Record in research dollars: UH receives $12.3 million in November
Research into language development of spanish-speaking children one project to receive additional funds
HOUSTON, Dec. 20, 2001 – A record $12.3 million in research grants was received at the University of Houston in November, the largest one-month total in the institution’s 75-year history.
Research funds for new and continuing projects received at the university during the first quarter of fiscal year 2002 totaled nearly $23 million, a 75 percent increase over the average of UH awards received during the same period of the previous three years. For the entire fiscal year 2001, the University of Houston received $53.1 million for research from outside sources.
One project that received part of its funding in November focuses on the biological and behavioral variations in the language development of Spanish-speaking children.
“The goal of this four-year project and the parent grant it supports is to understand the challenges in educating children whose primary language is Spanish,” said David Francis, UH professor of psychology and the lead investigator on the project. “The aim is to understand how schools help Spanish-speaking children achieve optimal educational outcomes and the important roles that language plays in these outcomes.”
Francis received $2 million in November from the U.S. Department of Education for a portion of the multi-year, multi-phase study, which will include working closely with children from kindergarten through third grade and their teachers.
Other examples of UH research grants whose funds were received in November, and their principal investigators, are:
“Research and Evaluation of the Texas Tobacco Prevention and Control Initiative,” $368,199 from the Texas Department of Health – Phyllis L. Gingiss, professor of health and human performance.
“Drug Design For Treating Opportunistic Infection in AIDS,” $507,169 from the National Institute of Allergy and Infectious Diseases – Kurt Krause, associate professor of biochemical and biophysical sciences.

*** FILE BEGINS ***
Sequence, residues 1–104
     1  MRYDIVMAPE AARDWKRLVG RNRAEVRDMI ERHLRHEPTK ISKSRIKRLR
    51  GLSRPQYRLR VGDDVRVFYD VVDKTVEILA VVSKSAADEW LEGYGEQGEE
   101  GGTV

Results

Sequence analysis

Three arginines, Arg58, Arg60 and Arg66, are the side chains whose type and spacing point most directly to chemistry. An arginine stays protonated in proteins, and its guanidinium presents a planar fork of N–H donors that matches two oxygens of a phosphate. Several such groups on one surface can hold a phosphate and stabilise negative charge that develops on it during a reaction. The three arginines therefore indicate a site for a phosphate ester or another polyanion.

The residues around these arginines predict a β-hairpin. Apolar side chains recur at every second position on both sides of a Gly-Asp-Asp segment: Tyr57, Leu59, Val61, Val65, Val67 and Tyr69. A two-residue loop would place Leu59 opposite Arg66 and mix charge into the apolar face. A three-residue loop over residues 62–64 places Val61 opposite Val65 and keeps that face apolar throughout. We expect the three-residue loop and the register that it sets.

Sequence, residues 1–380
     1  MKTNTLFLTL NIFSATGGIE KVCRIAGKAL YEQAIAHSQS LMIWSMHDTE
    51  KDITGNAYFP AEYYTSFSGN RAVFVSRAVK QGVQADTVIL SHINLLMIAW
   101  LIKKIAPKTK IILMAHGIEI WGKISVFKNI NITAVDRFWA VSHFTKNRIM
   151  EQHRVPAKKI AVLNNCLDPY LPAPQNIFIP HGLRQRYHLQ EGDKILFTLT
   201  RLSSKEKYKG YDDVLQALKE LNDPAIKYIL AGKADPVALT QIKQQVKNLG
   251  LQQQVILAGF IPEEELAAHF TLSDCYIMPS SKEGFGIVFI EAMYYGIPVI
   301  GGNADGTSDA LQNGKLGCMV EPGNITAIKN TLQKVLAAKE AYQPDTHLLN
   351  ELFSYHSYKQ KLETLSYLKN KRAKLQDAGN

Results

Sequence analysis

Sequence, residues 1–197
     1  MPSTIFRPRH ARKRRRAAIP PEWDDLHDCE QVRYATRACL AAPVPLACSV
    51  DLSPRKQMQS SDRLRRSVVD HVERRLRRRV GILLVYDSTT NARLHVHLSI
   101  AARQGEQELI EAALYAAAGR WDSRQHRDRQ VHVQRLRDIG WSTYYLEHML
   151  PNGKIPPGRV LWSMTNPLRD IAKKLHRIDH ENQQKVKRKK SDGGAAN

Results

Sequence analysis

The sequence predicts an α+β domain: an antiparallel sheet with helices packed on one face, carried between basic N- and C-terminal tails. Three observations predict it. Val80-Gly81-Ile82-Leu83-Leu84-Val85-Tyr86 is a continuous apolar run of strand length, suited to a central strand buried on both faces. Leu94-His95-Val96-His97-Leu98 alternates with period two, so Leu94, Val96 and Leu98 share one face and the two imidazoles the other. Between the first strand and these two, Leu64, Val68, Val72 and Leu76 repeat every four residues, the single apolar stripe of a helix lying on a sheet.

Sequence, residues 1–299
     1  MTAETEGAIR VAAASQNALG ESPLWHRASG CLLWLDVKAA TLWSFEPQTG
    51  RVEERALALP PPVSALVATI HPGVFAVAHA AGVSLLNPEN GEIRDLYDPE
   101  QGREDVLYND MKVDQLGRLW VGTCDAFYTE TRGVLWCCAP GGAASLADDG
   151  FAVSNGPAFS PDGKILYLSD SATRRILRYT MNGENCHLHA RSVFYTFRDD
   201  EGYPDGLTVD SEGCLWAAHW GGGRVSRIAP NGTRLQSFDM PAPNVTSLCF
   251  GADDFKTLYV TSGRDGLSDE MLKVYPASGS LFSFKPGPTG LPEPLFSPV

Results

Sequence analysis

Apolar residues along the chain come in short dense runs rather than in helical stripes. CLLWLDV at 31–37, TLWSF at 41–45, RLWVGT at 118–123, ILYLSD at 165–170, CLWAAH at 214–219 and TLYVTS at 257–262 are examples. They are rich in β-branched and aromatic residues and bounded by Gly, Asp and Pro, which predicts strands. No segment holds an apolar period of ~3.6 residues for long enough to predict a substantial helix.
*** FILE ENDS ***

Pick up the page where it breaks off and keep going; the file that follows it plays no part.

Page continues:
“Biodegradation of Synthetic Drilling Mud Base Fluids in the Gulf of Mexico Sediments,” $328,492 from the U.S. Department of the Interior, Minerals Management Service – Deborah Roberts, associate professor of civil and environmental engineering, and David Herman, research assistant professor in civil and environmental engineering.
“TEKS Implementation Support System for Technology Education,” $235,000 from the Texas Education Agency – John W. Hansen, associate dean, College of Technology.
Sources of the research funds are federal, state, local and private agencies, including the National Science Foundation, National Institutes of Health, the U.S. Department of Education, the U.S. Department of Energy and the Environmental Protection Agency.
“These grants demonstrate the significance of the research projects being developed by our faculty who are studying key areas that could have a major impact on our society and could support the economy in areas such as education, the environment, biotechnology, health and medicine, and technological advancement,” said Arthur K Smith, UH System Chancellor and UH President. “The success we’ve had this quarter securing funding sources for UH-based research efforts, particularly in November, is hard evidence that our Tier One effort is on the right track.
“Also, the grants validate the support we received from our state lawmakers earlier this year who backed our call to establish the Texas Excellence Fund during the last legislative session.”
The Texas Excellence Fund – approved by the state legislature last spring – provided UH nearly $6 million this fiscal year to support faculty and academic infrastructure needs. About $33.7 million was allocated by lawmakers for the Texas Excellence Fund in an effort to increase the number of top-ranked research universities in Texas.
In addition to the Texas Excellence Fund allocation, UH is utilizing other funding sources to upgrade its classroom and research facilities in its campaign to join the ranks of the nation’s top research institutions. Last May, the state legislature approved tuition revenue bonds to fund a new $51 million science, engineering and classroom building on the UH main campus. And in November, the UH System Board of Regents gave the go-ahead to a $39 million expansion of the campus’s M.D. Anderson Library.
About the University of Houston
The University of Houston, Texas’ premier metropolitan research and teaching institution, is home to more than 40 research centers and institutes and sponsors more than 300 partnerships with corporate, civic and governmental entities. UH, the most diverse research university in the country, stands at the forefront of education, research and service with more than 32,000 students.